The PET scan problem is solved. The next problem, as you well know, was manufacturing. Lots of manufacturing problems. They had shutdowns in the plant in New Jersey. We were trying to supply globally out of Italy. And then they had clinical trials. Even the clinical trials, I didn't mention them, but PSMAfore had some delays in therapy because they just couldn't ship. It was a serious problem. And you get your PET scan, you put your order in, they said, "Four weeks to drug, six weeks to drug. We don't know when the drug's going to be there. Maybe just don't tell people about it because we don't have the drug." And it was really problematic. Guess what? Those problems were solved.

The PET problem is essentially solved. I just don't get it. I'm sure that somebody gets denied, but I get my PET scans pretty promptly now, and I get my lutetium pretty promptly. I put in the order and I get it done. The insurance company is familiar with it. Yes, it is in the post-taxane, post-ARPI space. You need to have your enzo, apalutamide, darolutamide, whatever, and a taxane, and then you're eligible so long as you have the PSMA PET uptake that is appropriate under the VISION scan guidelines. But I'm saying we've made a lot of progress and patients are getting access to the therapy now.

Alicia Morgans: And it's so important because patients feel well. They seem to do well on the therapy. And one of the things that I still see as an issue, but one that I think is actually relatively quickly resolving, is that there is still some difference in where the drug is offered and the way that we're trying to ramp up and make sure that all patients have access. Now, you and I work at centers that have been involved in these clinical trials, in urban centers, essentially where we can get the drug, but there are a lot of patients that live in communities that are much more distant from those types of centers. And what I have seen too is that there's a real need and interest to ramp up additional centers across the country and probably around the world to ensure more equitable access. What is your thought around that?

Oliver Sartor: I agree completely. Clinical trials are typically done in fairly large centers like yours and mine, but it turns out that most patients are not treated at the major centers. What's happening is that a larger number of centers in smaller municipalities are being approached and are interested in Pluvicto, getting trained to get Pluvicto, getting the radiation safety standards in place, etc., but the number of sites capable of administering Pluvicto is dramatically expanding, and that's due to hard work on the part of the sponsor, Novartis. And I would say good work on the part of Novartis as a sponsor. They're working hard to ensure that access is less of an issue. I think they're succeeding. I think they're doing a good job.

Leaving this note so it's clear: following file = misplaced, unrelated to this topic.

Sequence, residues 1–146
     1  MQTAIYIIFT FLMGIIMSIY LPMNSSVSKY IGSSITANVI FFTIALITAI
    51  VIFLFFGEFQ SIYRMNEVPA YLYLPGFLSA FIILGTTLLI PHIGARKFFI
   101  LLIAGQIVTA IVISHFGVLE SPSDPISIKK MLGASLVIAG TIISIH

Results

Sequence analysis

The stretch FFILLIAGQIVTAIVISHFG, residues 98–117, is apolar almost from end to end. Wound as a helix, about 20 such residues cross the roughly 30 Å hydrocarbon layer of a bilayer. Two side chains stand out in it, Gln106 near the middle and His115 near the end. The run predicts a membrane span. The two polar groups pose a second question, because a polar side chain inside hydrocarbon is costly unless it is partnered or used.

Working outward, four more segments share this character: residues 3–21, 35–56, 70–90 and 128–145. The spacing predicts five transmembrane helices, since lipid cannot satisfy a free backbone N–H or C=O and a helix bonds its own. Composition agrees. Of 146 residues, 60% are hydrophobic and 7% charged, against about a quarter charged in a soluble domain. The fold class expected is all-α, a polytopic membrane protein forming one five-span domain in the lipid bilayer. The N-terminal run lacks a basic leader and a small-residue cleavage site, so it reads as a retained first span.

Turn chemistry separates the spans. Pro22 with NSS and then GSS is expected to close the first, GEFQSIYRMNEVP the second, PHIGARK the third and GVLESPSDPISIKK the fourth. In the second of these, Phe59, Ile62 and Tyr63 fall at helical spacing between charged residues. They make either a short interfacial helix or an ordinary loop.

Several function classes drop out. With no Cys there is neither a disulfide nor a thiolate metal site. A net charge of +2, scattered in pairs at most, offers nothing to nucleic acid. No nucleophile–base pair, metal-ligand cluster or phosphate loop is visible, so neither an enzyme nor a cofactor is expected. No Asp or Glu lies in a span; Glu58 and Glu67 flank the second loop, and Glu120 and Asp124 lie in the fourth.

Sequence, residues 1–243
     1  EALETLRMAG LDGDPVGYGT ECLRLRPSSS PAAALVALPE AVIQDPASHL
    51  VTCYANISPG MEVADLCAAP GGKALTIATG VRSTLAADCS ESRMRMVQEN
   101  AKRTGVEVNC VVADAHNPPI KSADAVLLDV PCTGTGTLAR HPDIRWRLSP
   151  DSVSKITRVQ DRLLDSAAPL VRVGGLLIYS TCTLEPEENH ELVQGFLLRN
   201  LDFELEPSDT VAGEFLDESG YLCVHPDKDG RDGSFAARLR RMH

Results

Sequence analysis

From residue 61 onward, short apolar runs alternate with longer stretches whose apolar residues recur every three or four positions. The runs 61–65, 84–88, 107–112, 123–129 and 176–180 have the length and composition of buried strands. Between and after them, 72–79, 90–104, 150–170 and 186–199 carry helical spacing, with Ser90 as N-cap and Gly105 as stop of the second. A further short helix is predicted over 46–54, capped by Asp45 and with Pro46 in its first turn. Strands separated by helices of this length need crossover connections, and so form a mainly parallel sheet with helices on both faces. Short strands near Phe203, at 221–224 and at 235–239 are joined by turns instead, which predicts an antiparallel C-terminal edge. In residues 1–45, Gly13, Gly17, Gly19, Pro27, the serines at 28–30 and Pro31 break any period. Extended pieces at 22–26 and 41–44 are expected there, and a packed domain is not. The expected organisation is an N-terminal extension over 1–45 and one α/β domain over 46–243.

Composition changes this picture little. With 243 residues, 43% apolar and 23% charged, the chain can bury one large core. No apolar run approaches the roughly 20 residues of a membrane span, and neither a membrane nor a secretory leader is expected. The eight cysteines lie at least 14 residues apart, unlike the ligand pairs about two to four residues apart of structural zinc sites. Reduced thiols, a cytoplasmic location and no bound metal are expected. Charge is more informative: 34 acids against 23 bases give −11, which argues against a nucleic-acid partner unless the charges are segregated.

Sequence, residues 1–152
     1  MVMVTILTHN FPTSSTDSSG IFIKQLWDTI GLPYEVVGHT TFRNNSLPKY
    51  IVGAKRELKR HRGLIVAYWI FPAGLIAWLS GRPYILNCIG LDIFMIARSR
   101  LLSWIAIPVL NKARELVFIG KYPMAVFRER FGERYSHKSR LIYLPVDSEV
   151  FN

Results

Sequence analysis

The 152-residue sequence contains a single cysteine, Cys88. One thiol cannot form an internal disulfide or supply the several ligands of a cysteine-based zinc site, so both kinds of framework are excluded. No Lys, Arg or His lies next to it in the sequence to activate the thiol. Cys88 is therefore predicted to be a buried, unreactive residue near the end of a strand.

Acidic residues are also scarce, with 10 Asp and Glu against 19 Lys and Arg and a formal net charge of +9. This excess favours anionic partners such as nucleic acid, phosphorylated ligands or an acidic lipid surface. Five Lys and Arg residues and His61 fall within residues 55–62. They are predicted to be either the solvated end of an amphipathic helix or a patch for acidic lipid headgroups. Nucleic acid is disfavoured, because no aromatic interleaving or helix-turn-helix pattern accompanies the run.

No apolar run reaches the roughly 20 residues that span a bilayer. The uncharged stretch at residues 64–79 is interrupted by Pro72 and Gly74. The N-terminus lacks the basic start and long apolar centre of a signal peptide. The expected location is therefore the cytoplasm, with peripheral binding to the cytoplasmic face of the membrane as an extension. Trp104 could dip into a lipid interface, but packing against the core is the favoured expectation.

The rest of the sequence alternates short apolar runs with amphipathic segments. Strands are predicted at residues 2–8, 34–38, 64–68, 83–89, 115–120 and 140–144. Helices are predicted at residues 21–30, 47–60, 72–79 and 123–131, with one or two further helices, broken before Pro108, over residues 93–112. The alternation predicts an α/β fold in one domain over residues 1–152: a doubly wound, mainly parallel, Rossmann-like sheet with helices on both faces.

Alicia Morgans: Wonderful. If you had to put all this together, where we're going in the future with these studies that we're still waiting to hear more information on, and certainly where we are right now, what would your message be on these radiopharmaceuticals, and what should we take home as we're continuing to find hope and excitement in them?

Oliver Sartor: I'll take a short-term view, a medium-term view, and a long-term view. The short term is we're sitting really nicely in terms of the VISION space, that post-advanced hormone and taxane. I think we're solving a lot of the access problems. We're getting to the patients who need the therapy, and I think the adoption rate is going really well. That's short term.

You get to the medium term. We've got these three important trials that are all in the pretext, same as metastatic CRPC space. I think it's a little too early to come up with a final opinion. The regulators will make the determination and the regulators will determine the access to the drugs because without insurance coverage, it's just not going to happen. And I think there's a lot of work on the part of the sponsors to ensure that the best possible presentation and data are available for the FDA to review. I'm very respectful of the FDA. They have patients' interests at heart. And they want to see safety. They want to see some overall survival trends. They have to wait a little bit before we get there.

Now, the longer-term vision. I think we're very bright. This competition we see in the field is creating the possibility for patients to benefit from that competition. And people are thinking creatively about going earlier, going in combination, doing different isotopes. We have lead on the rise now. We have actinium on the rise. We have copper on the rise. And so, the field is expanding and the long-term view, I think, is incredibly optimistic. We can have better therapy for our patients. The companies are fighting to show that their therapy is better. And that competition, great for healthcare, great for the patients.

Alicia Morgans: I could not agree more. When we all compete to do better for patients, everybody seems to win. And I so appreciate your time, your expertise, and like you said, it's just wonderful that the future is so bright. Thank you so much for your time.

Oliver Sartor: Right. Thank you, Alicia.